As Comet Ping Pong in Washington, D.C., continues to struggle with baseless accusations of sex trafficking in the so-called “Pizzagate” conspiracy, other pizzerias around the country—especially those with edgy marketing themes aimed at millennials and rock music fans—have been dragged into the mess. Relying on innuendo, rumor and speculative interpretation of logos and promotional artwork, conspiracy theorists claim some pizza restaurants are secret havens for perverts, pedophiles and Satanists, with hidden rooms and underground tunnels to conceal their illegal activities.
The NYPD has increased patrols around Roberta’s, a legendary Brooklyn pizza eatery, after its name continually popped up on website posts focused on Pizzagate and its workers reported receiving death threats. The same goes for East Side Pies in Austin, Texas, where the company’s logo—an eye with a pizza slice and the slogan, “We Know What You Want”—apparently reminds conspiracy theorists of alleged “Illuminati” symbols and devil worship.
At Roberta’s, the NYPD hopes to prevent another incident like the one at Comet Ping Pong, where a man with an assault rifle stormed in, fired a shot and went searching for victims of an alleged sex-slave ring touted on social media and fake-news sites. Some conspiracy theorists have claimed, without offering any evidence, that Hillary Clinton and her campaign manager, John Podesta, along with other Democratic leaders, are the masterminds behind the fictional operation, which supposedly involves pedophilia and sex trafficking.
As Daniel Maurer writes in BedfordandBowery.com, Roberta’s, which uses edgy themes and occult imagery in its marketing efforts, is the latest pizzeria to be targeted by these conspiracy buffs. Maurer lists more than a dozen spurious claims made by conspiracy theorists to back up their accusations against Roberta’s. One Youtube video, for example, points out that Roberta’s is an anagram for “aborters,” while some outraged accusers note that the pizzeria’s wine menu has an image depicting a skeletal hand holding a glass of wine above which hovers an upside-down cross, indicating proof of devil worship. A meme for an Easter party, depicting a giant rabbit holding two screaming children, was also seen as proof of evildoing.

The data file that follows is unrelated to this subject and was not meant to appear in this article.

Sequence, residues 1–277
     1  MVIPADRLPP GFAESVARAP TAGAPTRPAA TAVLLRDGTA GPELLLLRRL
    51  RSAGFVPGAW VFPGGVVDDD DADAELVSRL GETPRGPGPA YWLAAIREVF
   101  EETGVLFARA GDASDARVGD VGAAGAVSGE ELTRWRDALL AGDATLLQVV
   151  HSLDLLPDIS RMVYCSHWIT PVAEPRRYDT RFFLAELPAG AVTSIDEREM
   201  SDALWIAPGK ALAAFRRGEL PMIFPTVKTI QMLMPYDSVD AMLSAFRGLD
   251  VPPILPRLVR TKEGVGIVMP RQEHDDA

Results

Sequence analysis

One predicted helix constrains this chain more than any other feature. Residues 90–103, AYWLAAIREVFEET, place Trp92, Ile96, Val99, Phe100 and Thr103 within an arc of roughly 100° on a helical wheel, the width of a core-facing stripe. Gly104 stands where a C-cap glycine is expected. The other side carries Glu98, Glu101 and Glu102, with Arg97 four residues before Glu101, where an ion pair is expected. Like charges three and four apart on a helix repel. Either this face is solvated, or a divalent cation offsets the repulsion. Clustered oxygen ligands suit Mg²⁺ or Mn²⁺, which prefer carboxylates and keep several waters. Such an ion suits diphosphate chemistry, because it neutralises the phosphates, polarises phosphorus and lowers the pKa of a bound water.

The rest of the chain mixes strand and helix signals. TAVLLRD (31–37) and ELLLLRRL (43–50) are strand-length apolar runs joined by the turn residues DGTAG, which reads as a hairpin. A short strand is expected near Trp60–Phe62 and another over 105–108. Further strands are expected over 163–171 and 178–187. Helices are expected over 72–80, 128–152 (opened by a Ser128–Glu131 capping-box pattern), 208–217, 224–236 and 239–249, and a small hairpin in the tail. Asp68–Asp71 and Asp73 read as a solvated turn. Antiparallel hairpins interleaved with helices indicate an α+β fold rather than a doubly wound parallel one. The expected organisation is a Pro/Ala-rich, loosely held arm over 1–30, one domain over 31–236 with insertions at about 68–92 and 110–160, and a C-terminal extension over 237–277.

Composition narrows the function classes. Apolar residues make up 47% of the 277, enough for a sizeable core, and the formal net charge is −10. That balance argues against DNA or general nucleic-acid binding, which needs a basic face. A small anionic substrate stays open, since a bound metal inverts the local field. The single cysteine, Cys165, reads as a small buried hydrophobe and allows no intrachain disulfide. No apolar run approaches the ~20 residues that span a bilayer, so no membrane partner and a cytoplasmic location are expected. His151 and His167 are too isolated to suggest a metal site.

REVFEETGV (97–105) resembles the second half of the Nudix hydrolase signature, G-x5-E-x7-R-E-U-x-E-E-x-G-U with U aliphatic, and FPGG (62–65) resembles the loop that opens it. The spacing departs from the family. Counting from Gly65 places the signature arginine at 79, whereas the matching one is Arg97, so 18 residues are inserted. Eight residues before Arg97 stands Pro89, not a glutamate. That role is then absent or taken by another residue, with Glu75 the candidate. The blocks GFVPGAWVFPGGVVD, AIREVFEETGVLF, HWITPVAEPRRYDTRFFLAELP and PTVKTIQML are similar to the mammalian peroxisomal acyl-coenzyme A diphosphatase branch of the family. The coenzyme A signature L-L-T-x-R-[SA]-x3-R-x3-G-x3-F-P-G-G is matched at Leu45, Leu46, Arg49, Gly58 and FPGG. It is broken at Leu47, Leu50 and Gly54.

Other pizzerias, including Goat Hill Pizza in San Francisco (accused by Pizzagate theorists of being a front company used by Rep. Nancy Pelosi to funnel money illegally to Democrats) and East Side Pies in Austin, have also been singled out in Pizzagate. In the latter case, MyStatesman.com, the Austin Statesman’s website, reports that police are investigating threats made against East Side Pies’ owners and employees. That pizzeria’s woes began when someone unknown to the owners left reviews on the company’s Facebook page mentioning Pizzagate and claims of pedophilia. “That day (co-owner Noah) Polk was alerted to a thread on the message board Reddit suggesting East Side Pies might also be a part of the fictional sex-trafficking ring," MyStatesman.com reports. "Once he went down that Internet rabbit hole, Polk was shocked to find myriad posts falsely tying East Side Pies to the debunked conspiracy theory.”
Online commenters have been making “wild and baseless accusations” about the Austin pizzeria, the MyStatesman.com article continues. “They interpreted the restaurant’s logo as a symbol of the Illuminati, questioned the meaning of photos of pizza-eating children on East Side Pies’ Facebook account, inferred that pictures of staffers with former Austin Mayor Lee Leffingwell was proof of nefarious political ties, and claimed co-owner Michael Freid, an alumnus of the Culinary Institute of America, had ‘connections to the CIA.’”
One accuser, Owen Shroyer, hosts a live-streaming podcast called “Engage Liberty” in which he described his supposed visits to various East Side Pies locations. He claimed he was “weirded out” by what he saw, including employees with piercings and blue hair, band fliers with “satanic” symbols, “a weird locked-up grate in the back” of one store and two children playing dominoes in the presence of an adult.
Part of the problem with these claims—and their unchecked proliferation on the Internet—is that “it’s hard to know which of these points have been advanced in earnest and which are an act of trolling,” BedfordandBowery.com adds. “Certainly not everyone thinks Roberta’s is a hotbed of Satanic evil.” The article points to a thread at voat.co, an online hotbed of Pizzagate conspiracy claims, in which a commenter wrote: “You guys are hilarious. Bushwick (the Brooklyn neighborhood Roberta’s is in) is an extremely popular hipster neighborhood, ever since Williamsburg got too expensive … The only crime going on in Bushwick is rich, white gentrifiers smoking weed, doing graffiti and blowing their parents’ money. You guys need to get out more.”